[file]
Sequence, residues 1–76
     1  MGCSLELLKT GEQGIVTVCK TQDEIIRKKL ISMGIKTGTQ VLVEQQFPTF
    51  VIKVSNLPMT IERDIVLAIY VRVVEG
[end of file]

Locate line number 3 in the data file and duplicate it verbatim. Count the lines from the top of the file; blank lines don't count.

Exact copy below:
    51  VIKVSNLPMT IERDIVLAIY VRVVEG